Last week’s outbreak of 16 tornadoes across the upper Midwest of the US have left two people dead.

Although the tornado season has started very slowly, this is a reminder that the deadliest twisters often happen during the month of April.

Tornadoes occur throughout the year in the US, but activity is greatest during the spring months.

This is because the temperature contrast between warm air from the Gulf of Mexico and cold air over the Canadian Prairies is at its greatest.

Tornadoes tend to form along frontal systems which are defined by these temperature differences.

Although tornado frequency is greatest during May, it is April which usually sees the highest number of tornado fatalities. There are several reason why this is the case.

Firstly, shorter days during early spring mean that there is a greater chance that a tornado will occur at night.

This makes spotting an approaching twister much less likely, and a nighttime ‘hit’ must be a particularly terrifying and chaotic experience with less time to take shelter.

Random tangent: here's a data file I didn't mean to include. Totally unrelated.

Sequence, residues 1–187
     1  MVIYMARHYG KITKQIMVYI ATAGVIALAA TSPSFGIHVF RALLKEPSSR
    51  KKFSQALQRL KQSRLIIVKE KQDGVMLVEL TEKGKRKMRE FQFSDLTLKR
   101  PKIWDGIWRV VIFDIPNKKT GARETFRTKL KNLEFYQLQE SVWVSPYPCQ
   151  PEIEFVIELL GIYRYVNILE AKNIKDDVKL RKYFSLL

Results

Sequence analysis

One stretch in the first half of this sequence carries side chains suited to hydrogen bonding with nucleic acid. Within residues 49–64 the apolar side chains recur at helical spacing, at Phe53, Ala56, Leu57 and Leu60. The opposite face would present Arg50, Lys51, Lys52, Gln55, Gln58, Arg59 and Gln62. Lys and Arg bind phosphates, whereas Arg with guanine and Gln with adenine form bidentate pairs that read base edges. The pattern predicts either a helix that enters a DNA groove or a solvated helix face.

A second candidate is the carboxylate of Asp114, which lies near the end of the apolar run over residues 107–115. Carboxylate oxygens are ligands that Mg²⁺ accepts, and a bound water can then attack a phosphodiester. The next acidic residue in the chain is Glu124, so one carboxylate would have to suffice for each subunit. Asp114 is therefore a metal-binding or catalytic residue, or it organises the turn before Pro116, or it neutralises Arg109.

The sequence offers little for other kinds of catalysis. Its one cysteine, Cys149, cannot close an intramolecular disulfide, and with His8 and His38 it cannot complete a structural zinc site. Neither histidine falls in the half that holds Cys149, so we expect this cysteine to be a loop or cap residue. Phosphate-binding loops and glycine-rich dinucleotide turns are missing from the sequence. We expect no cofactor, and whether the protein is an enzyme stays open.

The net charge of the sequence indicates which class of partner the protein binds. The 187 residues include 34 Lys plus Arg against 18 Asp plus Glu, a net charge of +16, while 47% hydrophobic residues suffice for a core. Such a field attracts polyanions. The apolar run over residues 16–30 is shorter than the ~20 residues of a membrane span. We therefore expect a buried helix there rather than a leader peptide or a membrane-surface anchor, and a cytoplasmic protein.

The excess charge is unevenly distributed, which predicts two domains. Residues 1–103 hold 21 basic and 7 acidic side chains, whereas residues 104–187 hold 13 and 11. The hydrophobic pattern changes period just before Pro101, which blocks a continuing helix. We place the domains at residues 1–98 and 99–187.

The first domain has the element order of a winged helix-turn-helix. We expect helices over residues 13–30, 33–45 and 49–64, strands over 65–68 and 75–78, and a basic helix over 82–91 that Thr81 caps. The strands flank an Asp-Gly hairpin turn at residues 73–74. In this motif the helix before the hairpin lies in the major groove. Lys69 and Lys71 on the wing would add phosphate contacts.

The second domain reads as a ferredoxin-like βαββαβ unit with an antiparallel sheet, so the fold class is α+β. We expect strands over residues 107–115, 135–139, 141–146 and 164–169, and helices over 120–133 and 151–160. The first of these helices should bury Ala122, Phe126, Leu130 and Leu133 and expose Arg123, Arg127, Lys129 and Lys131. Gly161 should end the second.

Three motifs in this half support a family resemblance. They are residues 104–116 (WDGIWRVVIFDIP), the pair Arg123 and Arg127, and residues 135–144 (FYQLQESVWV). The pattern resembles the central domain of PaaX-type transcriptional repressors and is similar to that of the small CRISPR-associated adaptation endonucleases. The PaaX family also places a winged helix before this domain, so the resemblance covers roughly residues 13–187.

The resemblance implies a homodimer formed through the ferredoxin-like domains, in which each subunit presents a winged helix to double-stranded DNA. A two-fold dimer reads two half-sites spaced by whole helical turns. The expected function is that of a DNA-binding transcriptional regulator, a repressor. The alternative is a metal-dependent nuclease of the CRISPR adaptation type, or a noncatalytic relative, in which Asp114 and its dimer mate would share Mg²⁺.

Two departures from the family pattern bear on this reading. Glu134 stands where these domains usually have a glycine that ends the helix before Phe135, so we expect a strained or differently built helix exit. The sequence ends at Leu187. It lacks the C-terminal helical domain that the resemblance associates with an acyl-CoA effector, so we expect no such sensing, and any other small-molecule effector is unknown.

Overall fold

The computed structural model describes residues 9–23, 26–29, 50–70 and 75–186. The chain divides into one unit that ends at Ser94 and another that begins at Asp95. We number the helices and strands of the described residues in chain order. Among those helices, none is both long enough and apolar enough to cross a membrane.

Secondly, early season tornadoes are more likely to hit the southern states. Here, building construction is much less robust than further north.

This is partly due to the more temperate climate, and partly due to differences in affluence.

A high water table in parts of the South means there are few basements to serve as tornado shelters.

This weekend marks the 50th anniversary of the Palm Sunday tornado outbreak. 47 tornadoes hit the Midwest, killing 271 people and injuring another 1,500.

More recently, a series of tornadoes hit the South, Midwest and Northeast between 25 and 28 April 2011; 348 people were killed and damage was estimated at $11b.

In the coming days, heavy rain is likely to be a greater threat for parts of the south, from Texas to Alabama.